It’s the best time to buy a used car in 16 months — just don’t take out a big loan

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  • Used car prices have fallen to their lowest level since August 2021.
  • But high interest rates continue to keep vehicles out of reach for many buyers.
  • Those less reliant on financing for their car purchases, however, could stand to benefit.

Over the past few years, record used-car prices have become emblematic of the sky-high inflation across the U.S. While this is finally changing, many car buyers may be forced to continue waiting on the sidelines

Per Cox Automotive’s Manheim Used Vehicle Value Index, which tracks the wholesale prices of used vehicles sold at its U.S. auctions, used car prices are at their lowest level since August of 2021, with its index falling nearly 16% since peaking in January. 

“New inventory is finally starting to build, and that’s producing momentum in new retail sales, but that momentum appears to be at the expense of used retail,” Cox chief economist Jonathan Smoke said Tuesday.

As semiconductor shortages disrupted the production of new vehicles over the last few years, demand for used cars surged, causing prices to skyrocket. But new vehicle inventory is finally increasing, taking some pressure off the used car market. At the same time supply is improving, demand has fallen. Even as prices have begun to decline, deteriorating finances — largely due to inflation — have continued to deter some from the market. It’s among the reasons the used car retailer Carvana is on the verge of bankruptcy despite experiencing soaring sales earlier in the pandemic. 

Together, these dynamics have provided used car buyers some long-awaited price relief.

But it’s not all good news. 

As the Federal Reserve has raised interest rates in an effort to cool inflation, interest rates on car loans have risen in tandem. In October, the average annual percentage (APR) rate on used car loans rose to 9.6%, the highest level in over a decade. Used car buyers are taking out larger loans than ever as well, another factor contributing to ballooning interest payments.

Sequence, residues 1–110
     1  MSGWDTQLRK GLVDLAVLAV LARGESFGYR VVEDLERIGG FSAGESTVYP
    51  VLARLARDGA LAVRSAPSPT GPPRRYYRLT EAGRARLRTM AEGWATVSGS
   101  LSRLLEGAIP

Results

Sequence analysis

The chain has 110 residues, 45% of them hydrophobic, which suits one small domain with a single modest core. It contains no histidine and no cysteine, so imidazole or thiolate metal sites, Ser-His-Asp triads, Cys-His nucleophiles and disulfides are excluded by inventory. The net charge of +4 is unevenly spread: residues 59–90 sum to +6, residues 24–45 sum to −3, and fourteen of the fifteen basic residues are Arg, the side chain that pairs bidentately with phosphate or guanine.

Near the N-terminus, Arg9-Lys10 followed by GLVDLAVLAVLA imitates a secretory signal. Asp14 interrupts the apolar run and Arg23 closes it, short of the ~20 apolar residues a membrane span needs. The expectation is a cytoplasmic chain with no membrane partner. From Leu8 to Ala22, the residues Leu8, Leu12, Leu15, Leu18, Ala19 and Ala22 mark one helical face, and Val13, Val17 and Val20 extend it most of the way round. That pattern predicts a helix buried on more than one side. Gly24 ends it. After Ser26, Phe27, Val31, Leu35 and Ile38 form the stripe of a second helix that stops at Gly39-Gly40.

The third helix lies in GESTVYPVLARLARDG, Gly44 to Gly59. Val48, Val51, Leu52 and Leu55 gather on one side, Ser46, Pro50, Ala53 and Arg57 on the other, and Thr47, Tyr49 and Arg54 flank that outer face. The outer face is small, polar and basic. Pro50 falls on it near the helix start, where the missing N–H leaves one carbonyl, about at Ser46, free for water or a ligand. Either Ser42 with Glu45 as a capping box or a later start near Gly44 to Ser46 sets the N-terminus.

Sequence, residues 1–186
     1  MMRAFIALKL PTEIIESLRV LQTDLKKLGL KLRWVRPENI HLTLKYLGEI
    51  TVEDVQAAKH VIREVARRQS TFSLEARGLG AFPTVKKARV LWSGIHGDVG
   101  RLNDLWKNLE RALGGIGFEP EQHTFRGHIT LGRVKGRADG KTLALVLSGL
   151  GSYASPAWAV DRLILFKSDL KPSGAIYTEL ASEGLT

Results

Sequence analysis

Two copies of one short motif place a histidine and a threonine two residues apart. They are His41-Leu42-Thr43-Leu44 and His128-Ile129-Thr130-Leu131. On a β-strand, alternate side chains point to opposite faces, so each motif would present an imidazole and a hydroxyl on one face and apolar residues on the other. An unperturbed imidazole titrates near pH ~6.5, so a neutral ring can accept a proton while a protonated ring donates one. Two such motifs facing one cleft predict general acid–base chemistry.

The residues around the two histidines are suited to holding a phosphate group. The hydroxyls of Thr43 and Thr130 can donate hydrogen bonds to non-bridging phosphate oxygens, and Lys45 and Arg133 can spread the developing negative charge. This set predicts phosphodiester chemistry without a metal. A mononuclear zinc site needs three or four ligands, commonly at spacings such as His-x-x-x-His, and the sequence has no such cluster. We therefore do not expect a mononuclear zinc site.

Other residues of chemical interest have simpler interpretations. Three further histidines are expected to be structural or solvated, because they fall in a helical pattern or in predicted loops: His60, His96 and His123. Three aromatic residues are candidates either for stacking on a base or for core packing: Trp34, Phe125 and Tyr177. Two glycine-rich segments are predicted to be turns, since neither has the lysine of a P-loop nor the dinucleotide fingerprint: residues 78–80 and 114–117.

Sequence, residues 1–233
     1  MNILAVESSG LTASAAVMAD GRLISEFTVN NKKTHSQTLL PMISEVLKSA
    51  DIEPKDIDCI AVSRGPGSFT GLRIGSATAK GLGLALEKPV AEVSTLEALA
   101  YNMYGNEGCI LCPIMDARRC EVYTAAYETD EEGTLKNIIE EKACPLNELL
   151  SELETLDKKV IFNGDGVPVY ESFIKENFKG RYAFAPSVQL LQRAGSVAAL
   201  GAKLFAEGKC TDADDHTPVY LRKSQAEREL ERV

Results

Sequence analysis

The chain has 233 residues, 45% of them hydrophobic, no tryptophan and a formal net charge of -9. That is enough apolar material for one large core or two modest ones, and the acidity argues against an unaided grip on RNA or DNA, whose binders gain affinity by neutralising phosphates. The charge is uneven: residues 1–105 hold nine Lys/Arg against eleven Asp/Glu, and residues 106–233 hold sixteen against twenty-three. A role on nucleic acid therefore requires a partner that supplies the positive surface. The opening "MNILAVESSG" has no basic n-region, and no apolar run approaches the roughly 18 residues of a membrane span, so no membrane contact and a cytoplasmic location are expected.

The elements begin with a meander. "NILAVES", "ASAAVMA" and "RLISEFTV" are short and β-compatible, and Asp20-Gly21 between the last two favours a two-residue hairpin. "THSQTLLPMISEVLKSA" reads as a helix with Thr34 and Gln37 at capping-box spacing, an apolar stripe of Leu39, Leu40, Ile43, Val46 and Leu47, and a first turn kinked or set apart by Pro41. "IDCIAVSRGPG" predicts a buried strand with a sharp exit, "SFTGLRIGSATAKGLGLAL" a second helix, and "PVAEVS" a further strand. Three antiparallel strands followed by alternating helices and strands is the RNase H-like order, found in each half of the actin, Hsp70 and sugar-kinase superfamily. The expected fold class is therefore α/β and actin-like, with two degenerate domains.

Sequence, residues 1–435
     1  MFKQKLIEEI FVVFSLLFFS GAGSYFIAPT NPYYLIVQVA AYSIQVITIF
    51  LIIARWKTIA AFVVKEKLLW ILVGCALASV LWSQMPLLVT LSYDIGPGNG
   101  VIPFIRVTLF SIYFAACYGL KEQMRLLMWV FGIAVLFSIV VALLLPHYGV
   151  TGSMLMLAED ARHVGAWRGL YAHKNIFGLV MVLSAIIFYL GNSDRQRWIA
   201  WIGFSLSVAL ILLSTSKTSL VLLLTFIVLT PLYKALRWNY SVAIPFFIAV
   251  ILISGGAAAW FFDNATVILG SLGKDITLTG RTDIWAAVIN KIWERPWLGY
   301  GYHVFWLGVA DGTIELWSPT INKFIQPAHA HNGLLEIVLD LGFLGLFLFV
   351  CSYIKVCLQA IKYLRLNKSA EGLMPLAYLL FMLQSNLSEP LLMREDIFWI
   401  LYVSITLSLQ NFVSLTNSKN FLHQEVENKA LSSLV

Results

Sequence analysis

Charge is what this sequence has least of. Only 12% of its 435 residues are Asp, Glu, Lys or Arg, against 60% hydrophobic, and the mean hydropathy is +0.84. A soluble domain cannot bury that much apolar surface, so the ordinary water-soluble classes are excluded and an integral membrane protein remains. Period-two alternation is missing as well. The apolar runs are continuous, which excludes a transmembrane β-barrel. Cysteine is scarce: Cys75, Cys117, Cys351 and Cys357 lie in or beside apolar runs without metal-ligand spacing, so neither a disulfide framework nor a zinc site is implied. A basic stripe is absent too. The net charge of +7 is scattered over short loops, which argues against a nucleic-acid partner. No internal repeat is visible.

So while higher interest rates have contributed to the falling demand — and prices — of used vehicles — they could be keeping them out of reach for those reliant on significant car loans to make their purchases. Per Experian, for instance, the average monthly used car payment — which accounts for both principal and interest — rose from $472 to $525 in July through September, compared to the same time last year.  

“New vehicle inventory might finally be improving, but the automotive industry is still on a long road to recovery because rising interest rates are creating a major barrier to entry for car shoppers,” Jessica Caldwell, executive director of insights at Edmunds, previously told Insider in an email.

For those less reliant on financing for their car purchases, however, this could be their best chance to buy an affordable car in over a year. 

While the new car market is expected to cool off as well, used car prices continue to be where the best bargain is. Per Cox, the estimated typical monthly car payment for new vehicle purchases rose to a record-high $748 per month in October, driven by elevated prices and interest rates. 

As Cox’s Smoke said in an October note, “New cars may finally become more available just when most Americans can no longer afford them.” 

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